Grey's Anatomy: How much more sadness can Meredith take? | EW.com

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Grey's Anatomy: How much more sadness
can Meredith take?

(Danny Feld/ABC)

Sometimes the future changes quickly and completely, and we’re left with only the choice of what to do next. We can choose to be afraid of it, to stand there trembling not moving, assuming the worst that can happen, or we step forward into the unknown and assume it will be brilliant.

Those were some of Cristina’s final words to Meredith. Looking back, they sound like a warning of what was to come. A lot of things look like warnings now, including Amelia’s insistence that Meredith can’t understand what it’s like to lose the love of her life, and the fact that Meredith and Derek’s song was “Chasing Cars,” which practically doomed Derek to get hit by one. Even so, it’s still hard to believe that McDreamy is McDead. 

Any drama that’s set in a hospital is ultimately a drama about death. Doctors lose patients all the time in real life, just like they do on TV. You could argue that a show like Grey’s needs to kill off its main characters in ridiculously over-the-top ways, just to make their deaths stand out. Maybe it needed to throw George under that bus and send Mark’s plane into a tailspin. But Derek’s death still feels especially cruel because of its impact on Meredith. This is a woman who has already lost her mother, her half-sister, her best friend. She went down in a plane, nearly drowned, and could’ve died while giving birth during a power outage. Did they really need to run Derek down with a semi truck?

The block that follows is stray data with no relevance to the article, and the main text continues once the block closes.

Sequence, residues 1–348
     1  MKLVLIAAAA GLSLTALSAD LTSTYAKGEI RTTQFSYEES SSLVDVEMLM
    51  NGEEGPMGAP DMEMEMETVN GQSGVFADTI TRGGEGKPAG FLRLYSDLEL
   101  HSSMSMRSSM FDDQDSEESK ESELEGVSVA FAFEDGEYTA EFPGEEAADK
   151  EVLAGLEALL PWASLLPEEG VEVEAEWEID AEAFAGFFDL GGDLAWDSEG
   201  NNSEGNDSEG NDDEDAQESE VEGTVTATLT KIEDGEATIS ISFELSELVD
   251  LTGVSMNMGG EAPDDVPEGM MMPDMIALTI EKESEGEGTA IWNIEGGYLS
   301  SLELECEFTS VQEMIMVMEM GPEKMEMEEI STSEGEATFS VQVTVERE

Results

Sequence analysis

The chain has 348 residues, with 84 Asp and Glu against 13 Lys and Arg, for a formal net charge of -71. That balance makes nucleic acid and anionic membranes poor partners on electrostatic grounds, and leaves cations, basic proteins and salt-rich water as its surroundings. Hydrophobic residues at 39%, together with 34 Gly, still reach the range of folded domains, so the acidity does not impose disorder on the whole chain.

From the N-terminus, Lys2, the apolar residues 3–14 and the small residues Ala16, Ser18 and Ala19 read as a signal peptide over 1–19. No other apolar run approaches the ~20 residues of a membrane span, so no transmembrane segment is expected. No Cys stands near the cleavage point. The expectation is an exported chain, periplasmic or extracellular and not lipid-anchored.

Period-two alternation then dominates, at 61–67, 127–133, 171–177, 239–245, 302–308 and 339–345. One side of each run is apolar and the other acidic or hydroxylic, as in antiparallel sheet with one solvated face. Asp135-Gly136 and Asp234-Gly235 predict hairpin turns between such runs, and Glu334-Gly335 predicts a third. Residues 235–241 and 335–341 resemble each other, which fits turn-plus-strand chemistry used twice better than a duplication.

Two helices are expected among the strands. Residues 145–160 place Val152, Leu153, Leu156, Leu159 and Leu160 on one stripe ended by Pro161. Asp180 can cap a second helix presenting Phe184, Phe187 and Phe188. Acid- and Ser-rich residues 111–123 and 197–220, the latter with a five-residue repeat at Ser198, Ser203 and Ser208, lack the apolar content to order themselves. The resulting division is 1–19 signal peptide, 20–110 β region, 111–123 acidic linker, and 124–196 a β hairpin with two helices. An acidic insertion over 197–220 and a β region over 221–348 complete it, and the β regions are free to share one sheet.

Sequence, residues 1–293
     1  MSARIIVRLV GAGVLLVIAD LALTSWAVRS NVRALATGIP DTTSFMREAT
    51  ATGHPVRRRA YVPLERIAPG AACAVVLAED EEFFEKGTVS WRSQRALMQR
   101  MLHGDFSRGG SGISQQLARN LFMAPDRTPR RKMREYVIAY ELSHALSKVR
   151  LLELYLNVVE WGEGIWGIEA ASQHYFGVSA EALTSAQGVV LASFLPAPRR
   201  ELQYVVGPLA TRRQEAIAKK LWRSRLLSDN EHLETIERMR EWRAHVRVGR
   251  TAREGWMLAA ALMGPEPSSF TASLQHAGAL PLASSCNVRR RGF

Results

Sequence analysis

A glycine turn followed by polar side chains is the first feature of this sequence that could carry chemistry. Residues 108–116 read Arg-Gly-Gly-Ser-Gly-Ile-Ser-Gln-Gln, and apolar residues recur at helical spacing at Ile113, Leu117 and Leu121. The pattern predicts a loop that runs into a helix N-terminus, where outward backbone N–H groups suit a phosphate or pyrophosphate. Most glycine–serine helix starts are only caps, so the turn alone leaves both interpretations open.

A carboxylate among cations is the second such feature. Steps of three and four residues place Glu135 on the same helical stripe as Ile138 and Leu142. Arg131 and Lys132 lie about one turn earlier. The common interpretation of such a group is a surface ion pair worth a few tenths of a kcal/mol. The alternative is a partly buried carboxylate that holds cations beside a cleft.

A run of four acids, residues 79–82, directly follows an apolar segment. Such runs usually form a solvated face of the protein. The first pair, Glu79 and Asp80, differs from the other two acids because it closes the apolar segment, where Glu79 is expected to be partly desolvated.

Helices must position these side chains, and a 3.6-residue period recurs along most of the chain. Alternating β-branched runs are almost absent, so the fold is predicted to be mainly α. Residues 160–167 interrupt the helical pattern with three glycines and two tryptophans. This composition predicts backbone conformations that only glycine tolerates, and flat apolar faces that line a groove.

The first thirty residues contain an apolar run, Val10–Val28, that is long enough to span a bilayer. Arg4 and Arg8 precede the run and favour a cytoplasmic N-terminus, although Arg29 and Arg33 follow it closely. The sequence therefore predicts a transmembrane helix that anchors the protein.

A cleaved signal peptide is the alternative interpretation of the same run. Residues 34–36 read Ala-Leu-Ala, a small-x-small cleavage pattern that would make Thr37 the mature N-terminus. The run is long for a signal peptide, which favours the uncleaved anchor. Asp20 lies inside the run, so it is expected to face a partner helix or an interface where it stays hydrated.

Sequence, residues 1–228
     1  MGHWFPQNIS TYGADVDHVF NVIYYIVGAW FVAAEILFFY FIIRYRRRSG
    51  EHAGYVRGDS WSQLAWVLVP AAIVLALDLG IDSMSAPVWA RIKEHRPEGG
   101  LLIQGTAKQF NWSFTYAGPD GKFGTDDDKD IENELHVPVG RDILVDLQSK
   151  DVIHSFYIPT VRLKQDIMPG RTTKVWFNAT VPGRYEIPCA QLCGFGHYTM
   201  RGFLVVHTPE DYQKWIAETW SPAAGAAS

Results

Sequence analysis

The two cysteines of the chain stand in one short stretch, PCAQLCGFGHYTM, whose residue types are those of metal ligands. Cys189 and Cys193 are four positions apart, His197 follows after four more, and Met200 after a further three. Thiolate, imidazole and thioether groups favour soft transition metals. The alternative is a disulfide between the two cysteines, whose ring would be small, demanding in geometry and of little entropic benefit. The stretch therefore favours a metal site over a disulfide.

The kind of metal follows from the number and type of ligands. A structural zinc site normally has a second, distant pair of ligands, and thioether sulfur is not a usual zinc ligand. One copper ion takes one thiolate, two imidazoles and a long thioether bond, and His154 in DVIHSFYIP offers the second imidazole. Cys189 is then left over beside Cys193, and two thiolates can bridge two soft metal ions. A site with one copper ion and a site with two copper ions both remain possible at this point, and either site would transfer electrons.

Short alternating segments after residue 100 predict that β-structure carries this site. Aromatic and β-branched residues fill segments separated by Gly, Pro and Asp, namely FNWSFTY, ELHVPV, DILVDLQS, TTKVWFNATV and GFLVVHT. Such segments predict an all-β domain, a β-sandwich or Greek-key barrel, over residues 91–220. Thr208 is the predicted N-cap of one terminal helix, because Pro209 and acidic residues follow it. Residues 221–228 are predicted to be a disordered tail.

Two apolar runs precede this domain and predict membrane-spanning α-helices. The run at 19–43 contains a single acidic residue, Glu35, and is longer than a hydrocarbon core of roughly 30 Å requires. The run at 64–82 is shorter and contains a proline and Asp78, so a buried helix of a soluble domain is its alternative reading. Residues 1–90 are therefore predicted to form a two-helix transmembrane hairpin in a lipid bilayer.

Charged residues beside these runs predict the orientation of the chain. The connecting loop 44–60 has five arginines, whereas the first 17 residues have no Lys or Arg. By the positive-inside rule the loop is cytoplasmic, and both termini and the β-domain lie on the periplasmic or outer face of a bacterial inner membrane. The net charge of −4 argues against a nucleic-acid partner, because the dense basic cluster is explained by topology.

Granted, Meredith can handle this, just as she’s handled everything else. Shonda Rhimes writes strong, smart, driven female characters, the kind of women who make great bosses and great mothers to other people. But they’re not always allowed to be happy themselves. Like Olivia Pope on Scandal, Meredith gets better and better in her career, only to find that things get worse and worse in her personal life. Right when she started pushing herself harder in research, she lost the love of her life. It’s like Rhimes is sending a message to women everywhere: You can’t have it all. 

At this point, I’m done watching Meredith learn that lesson. The worst that can happen has already happened to her, over and over. If she’s supposed to step forward into the unknown, yet again, and still assume it will be brilliant, there has to be a good reason. It’s okay that she can’t have it all. But if I’m going to keep watching Grey’s, they’ve gotta give her something.